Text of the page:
I don't know a lot and I'm cool with that. But I enjoy learning new things, even if they're ultimately inconsequential things like what people get in their stockings at Christmas.
It's fair to say I've never thought about what other people got in their stockings, but as it got to December 24th and I hadn't figured out what to get my wife, I turned to twitter to get some help. One friend responded that she got fruit from her husband every year, which was something I'd never heard of. For me it was always a toothbrush and a deck of cards, some candy and as I got older, deodorant.
So a few days after Christmas, I turned to my facebook friends to find out how common this practice was. It turns out, it's quite common as the overwhelming majority of the 40 or so people who responded said they got fruit, most commonly an orange, in their stocking yearly.
There's a decent chance this is a "duh" moment that I'm writing about, but to me it was a fascinating bit of new information that expands, ever so slightly,
And since it's been a while since I wrote one of these, I've got several links that I've found interesting over the past 10 days or so.
Over the Line - an in-depth look at police shootings in Georgia since 2010. Nearly half of the 184 people shot by police during that time were either shot in the back or unarmed.
Church on Christmas Eve - Former Sports Illustrated writer Jeff Pearlman, probably best described as an agnostic raised Jewish, experiences his first Christmas Eve service.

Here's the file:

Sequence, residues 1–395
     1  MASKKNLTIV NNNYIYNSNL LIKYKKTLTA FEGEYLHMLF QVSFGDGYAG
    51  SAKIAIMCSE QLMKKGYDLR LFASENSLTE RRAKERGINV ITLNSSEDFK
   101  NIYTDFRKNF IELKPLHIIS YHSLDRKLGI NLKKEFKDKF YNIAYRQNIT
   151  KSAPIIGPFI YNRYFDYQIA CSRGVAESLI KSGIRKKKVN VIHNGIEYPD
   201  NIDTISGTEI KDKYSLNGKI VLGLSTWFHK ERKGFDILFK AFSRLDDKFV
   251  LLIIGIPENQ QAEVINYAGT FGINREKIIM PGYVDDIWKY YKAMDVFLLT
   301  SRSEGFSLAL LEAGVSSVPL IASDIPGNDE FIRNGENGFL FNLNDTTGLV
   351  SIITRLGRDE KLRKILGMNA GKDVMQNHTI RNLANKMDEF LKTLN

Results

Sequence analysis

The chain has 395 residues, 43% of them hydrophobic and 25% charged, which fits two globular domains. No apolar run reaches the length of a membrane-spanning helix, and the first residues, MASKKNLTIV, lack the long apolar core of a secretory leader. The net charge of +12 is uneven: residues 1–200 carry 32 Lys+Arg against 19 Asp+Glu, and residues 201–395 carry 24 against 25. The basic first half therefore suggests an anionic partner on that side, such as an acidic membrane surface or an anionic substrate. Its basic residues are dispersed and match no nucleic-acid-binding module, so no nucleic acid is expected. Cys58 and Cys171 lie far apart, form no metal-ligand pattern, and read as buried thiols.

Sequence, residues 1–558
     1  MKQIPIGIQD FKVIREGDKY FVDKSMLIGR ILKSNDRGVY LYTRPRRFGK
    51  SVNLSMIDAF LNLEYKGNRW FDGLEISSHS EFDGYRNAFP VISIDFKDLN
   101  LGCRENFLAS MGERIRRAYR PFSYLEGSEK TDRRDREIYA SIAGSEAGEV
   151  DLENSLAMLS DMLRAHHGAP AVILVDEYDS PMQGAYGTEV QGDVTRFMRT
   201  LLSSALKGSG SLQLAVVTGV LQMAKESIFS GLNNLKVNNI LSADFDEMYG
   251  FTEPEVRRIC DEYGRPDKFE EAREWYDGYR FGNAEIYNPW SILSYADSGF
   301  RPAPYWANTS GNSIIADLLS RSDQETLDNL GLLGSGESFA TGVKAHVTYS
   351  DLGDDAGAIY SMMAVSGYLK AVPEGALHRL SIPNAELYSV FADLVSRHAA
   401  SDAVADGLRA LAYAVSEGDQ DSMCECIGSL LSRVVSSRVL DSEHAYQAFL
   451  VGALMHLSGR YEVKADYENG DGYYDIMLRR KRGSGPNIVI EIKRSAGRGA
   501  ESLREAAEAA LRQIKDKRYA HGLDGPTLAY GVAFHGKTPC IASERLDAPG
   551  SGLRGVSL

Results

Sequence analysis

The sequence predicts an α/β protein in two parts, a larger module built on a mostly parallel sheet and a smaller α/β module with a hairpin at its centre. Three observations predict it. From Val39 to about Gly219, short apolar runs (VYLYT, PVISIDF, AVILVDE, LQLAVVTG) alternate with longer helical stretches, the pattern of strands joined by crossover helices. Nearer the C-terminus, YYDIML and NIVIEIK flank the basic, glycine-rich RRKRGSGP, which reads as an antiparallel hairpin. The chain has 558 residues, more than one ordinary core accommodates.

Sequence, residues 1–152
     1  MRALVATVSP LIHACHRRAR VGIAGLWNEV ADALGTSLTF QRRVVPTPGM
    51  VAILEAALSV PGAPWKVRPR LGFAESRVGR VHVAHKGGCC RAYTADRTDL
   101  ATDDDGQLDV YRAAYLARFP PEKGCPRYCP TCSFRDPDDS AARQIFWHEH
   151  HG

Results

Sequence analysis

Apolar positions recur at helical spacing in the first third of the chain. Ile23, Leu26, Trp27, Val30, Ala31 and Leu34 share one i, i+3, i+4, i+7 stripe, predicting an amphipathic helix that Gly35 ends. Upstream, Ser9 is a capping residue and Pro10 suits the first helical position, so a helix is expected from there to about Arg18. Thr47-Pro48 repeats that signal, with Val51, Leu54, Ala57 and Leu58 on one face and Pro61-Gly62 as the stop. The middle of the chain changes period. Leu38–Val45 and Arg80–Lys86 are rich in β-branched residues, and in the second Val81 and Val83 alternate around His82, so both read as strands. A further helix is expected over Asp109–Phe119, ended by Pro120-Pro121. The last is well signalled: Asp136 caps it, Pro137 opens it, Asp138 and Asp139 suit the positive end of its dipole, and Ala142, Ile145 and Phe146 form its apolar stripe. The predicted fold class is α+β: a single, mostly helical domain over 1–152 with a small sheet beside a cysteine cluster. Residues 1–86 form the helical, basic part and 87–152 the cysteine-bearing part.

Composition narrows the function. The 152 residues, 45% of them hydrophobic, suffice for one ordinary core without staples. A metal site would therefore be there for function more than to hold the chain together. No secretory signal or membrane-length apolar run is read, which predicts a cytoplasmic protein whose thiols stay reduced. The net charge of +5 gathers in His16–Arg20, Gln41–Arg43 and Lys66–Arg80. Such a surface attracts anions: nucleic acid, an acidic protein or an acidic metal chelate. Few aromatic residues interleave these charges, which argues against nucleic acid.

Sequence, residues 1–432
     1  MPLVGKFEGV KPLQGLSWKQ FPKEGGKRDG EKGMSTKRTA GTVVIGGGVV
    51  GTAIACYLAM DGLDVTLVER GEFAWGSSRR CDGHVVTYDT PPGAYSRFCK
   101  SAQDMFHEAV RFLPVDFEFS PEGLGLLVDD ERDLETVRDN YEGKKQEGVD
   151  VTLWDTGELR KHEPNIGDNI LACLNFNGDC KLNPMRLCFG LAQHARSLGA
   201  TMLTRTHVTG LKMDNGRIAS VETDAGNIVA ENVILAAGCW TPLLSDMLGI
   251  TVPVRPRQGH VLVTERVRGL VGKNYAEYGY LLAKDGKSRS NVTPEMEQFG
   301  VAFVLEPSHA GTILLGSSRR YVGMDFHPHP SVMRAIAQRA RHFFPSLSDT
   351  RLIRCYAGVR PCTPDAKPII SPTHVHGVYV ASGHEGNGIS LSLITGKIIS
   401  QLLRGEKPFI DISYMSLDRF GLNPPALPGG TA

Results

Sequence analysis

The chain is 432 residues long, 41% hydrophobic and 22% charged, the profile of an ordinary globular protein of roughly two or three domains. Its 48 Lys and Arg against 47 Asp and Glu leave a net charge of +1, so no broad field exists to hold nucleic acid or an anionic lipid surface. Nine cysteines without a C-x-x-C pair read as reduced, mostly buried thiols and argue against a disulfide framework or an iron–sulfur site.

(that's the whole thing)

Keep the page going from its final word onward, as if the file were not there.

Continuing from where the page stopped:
The Tax Sleuth Who Took Down a Drug Lord - Google searches of old chat rooms and blog posts brought down the proprietor of The Silk Road.
Jerry Tarkanian and Walter Byers: Adversaries Who Left Their Mark on NCAA - The architect of the modern NCAA and a coach who challenged it both died in 2015.
As Graduation Rates Rise, Experts Fear Diplomas Come Up Short - Earning a high school degree means little if it doesn't prepare you for what's next.
A Life Unraveling - The Boston Globe spent a year with a woman trying to recover from heroin addiction. The story is raw but important.
Middy and Me - A writer tells the story of the issues his friend faces from concussions after playing Division III football.
Players Prefer Presentation - Meg Rowley examines the effect of off-field altercations like domestic violence has on opportunity costs that we all pay.
Life Under Siege: Inside Taiz, the Yemeni City Slowly Being Strangled - While ISIS gets the attention, there are other groups doing terrible things that we should be aware of, including what's happening in Yemen.
How ISIS Replaced Ebola - We're in a constant state of fear. Why is that? Charlie Pierce explores why.
That's enough for now. I've got about 10 more links that I'll save for next time.